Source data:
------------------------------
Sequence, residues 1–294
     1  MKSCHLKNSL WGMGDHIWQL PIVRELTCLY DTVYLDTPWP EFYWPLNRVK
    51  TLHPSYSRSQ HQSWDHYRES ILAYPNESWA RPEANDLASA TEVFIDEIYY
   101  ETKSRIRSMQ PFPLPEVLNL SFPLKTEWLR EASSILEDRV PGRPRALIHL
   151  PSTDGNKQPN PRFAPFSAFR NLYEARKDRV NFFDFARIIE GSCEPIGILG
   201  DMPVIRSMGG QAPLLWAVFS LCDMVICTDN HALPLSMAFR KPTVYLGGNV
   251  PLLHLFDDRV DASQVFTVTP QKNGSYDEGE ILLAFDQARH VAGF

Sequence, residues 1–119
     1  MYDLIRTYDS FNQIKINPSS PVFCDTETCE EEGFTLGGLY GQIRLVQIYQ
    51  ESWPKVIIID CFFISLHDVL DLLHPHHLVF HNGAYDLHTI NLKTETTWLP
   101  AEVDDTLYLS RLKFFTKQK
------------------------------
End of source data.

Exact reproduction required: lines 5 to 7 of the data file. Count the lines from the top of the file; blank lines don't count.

   151  PSTDGNKQPN PRFAPFSAFR NLYEARKDRV NFFDFARIIE GSCEPIGILG
   201  DMPVIRSMGG QAPLLWAVFS LCDMVICTDN HALPLSMAFR KPTVYLGGNV
   251  PLLHLFDDRV DASQVFTVTP QKNGSYDEGE ILLAFDQARH VAGF